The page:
“To travel hopefully is a better thing than to arrive, and the true success is to labour.” – Robert Louis Stevenson
Working at the British Broadcasting Corporation, assisting Oscar-winning film directors, and teaching on a billionaire’s luxury superyacht around the south of France: these were not opportunities I believed were possible when I was spending my weekends as a teen working at my parent’s Chinese takeaway. And as trite as it may sound, I owe it all to one simple thing: education.
Neither of my parents went to university and they both stressed to me how a lack of education limited their life choices. An appreciation of this reality dawned on me very quickly, from roughly age 13, when my childhood splintered into a double life spending weekdays as a pupil at an independent day school “where every child is known and valued”, and my weekend evenings serving stir-fried savory food to frequently unsavory characters.
Whilst I do not advocate my parents’ casual violation of child labour laws, it was an invaluable and influential experience to witness first hand the hard toil of my parents, as well as enduring the long, arduous, grease-covered hours myself. The futility of mopping floors at the end of a long Saturday night shift, knowing that they would inevitably get dirty again, would make anyone conscious of the importance of how a goal can provide meaning to your work.
But we must consider: what is the goal of education? All too often it is equated with the end product and a conveyor belt mentality that going to a “good school”, in turn will lead to a “good university” and therefore a “good job” and a “good salary”. But education is not merely academic and should not only be represented as a certificate, a grade, or a percentage; it is an experience that continues and grows with you well beyond graduation.
Of course, every parent wishes their children to have a bright future and to succeed, to become independent in the world, but success and fulfillment are definitions that are personal to everyone. And the problem with creating a solely achievement-based incentive is that you focus on the result, and not the process. Education becomes a binary concept of pass or fail, which is neither truthful nor inspiring: you may cultivate a thirst for knowledge, but will not instil a love of learning, which is key to any form of independence. And it is this independence and freedom to which education should be equated: freedom to decide what you want to do with your life, freedom to make choices, equipped with the confidence and ability to pursue those choices.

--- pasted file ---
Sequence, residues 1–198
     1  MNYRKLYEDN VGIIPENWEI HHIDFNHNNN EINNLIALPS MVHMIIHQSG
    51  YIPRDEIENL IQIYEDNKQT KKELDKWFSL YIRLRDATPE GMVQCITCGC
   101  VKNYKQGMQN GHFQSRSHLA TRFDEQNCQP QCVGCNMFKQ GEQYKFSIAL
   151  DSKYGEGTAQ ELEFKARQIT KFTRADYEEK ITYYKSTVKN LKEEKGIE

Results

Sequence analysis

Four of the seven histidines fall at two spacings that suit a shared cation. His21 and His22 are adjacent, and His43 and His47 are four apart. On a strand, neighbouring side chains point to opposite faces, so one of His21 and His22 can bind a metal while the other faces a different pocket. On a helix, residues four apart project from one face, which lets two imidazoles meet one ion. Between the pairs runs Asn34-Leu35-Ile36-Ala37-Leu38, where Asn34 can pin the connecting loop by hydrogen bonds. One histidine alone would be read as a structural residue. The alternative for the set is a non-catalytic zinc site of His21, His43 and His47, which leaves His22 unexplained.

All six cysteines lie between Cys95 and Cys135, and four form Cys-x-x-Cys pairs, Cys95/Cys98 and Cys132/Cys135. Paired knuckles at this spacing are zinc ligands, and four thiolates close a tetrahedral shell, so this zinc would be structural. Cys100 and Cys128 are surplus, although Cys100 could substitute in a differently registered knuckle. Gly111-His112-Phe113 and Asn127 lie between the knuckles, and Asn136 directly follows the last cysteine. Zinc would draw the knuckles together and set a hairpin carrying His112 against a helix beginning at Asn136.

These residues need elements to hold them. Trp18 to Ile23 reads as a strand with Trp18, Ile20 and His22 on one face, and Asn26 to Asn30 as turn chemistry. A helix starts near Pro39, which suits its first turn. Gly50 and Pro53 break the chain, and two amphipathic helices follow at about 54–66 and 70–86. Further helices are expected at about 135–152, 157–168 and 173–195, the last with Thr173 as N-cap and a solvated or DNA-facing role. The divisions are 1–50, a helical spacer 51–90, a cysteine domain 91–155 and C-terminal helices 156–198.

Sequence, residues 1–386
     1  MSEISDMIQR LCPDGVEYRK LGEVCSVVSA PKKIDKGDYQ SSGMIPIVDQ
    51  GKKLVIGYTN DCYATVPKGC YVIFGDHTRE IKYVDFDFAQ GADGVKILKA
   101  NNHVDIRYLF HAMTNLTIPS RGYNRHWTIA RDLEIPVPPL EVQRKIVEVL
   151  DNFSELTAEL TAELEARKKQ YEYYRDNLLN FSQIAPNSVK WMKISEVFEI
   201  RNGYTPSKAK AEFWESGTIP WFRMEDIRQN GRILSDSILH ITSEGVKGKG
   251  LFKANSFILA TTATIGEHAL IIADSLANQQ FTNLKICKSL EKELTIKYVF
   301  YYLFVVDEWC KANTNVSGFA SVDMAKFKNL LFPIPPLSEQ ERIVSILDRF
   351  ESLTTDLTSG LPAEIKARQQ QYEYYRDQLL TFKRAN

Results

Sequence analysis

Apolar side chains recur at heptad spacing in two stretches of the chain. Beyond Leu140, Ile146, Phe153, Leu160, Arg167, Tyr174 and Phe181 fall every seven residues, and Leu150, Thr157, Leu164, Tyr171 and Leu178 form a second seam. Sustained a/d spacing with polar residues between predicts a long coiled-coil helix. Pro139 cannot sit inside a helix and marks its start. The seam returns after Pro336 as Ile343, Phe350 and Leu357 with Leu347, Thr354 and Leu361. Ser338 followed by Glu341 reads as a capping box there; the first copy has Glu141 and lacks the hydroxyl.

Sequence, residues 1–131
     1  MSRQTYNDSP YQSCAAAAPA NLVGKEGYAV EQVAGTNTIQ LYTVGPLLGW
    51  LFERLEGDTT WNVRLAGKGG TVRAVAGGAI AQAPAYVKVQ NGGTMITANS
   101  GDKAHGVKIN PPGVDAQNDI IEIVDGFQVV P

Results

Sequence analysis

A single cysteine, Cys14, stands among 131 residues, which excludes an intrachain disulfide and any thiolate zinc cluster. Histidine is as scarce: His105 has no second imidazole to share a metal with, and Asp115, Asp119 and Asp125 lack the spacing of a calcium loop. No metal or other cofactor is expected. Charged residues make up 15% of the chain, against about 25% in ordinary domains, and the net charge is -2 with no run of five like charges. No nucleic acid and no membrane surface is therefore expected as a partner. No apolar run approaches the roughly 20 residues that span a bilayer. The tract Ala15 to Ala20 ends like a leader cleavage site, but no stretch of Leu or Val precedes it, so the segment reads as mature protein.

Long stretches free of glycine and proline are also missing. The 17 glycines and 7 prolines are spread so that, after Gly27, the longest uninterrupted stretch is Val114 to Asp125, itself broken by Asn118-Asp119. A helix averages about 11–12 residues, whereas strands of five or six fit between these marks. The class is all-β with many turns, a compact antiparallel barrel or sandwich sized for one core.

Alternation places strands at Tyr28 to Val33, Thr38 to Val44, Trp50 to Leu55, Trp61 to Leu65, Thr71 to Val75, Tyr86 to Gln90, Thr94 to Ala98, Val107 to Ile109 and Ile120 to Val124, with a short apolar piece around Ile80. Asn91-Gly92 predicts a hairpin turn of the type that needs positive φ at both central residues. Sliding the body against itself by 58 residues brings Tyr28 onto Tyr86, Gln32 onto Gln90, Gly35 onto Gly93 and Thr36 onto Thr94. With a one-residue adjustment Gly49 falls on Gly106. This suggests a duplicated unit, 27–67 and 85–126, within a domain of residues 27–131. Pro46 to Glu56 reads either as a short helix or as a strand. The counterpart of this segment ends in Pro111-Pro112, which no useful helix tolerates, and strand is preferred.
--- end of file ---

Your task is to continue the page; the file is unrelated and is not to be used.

It is this concept of education that has led me to a wealth of experience and a motivation to continue learning. After graduating from Bristol University with a 1st Class in English Literature, I was lucky enough to be afforded opportunities working in London at the BBC and Channel 4. I gained experience working on feature films with directors I had admired in my youth, and eventually teaching enabled me to travel and experience luxuries my parents never had. But my academic results were only one small aspect of the broader education that allowed me these opportunities. And whilst I wouldn’t dispute that being served champagne was far preferable to having to serve chow mein, material rewards and success are always ephemeral. It is the experiences that are ultimately fulfilling, and it is the experiences that continue to be educational milestones on the lifelong journey of self-discovery.
Therefore, a good education is not simply a passport to a world of new opportunities and experiences, but also, more importantly, it provides you with a map to navigate independently through the choices that are important to you, knowledge and confidence to decide on a direction that is meaningful to you. That is why education should be thought of as a continuous journey, not as leading to a destination.
The big secret that everybody learns is that you never really feel like you have arrived. And what every adult knows is that success always feels fleeting, an eventual and ever-moving destination, and so what is actually nourishing and rewarding is the work: the pleasure is in the process. As Robert Louis Stevenson says, “to travel hopefully is a better thing than to arrive, and the true success is to labour.” The earlier children can learn this, the better off they will be for it.
The greatest gift you can give your child is an education, but we should teach our children to appreciate it in terms of its value, not in terms of its price, or an eventual prize.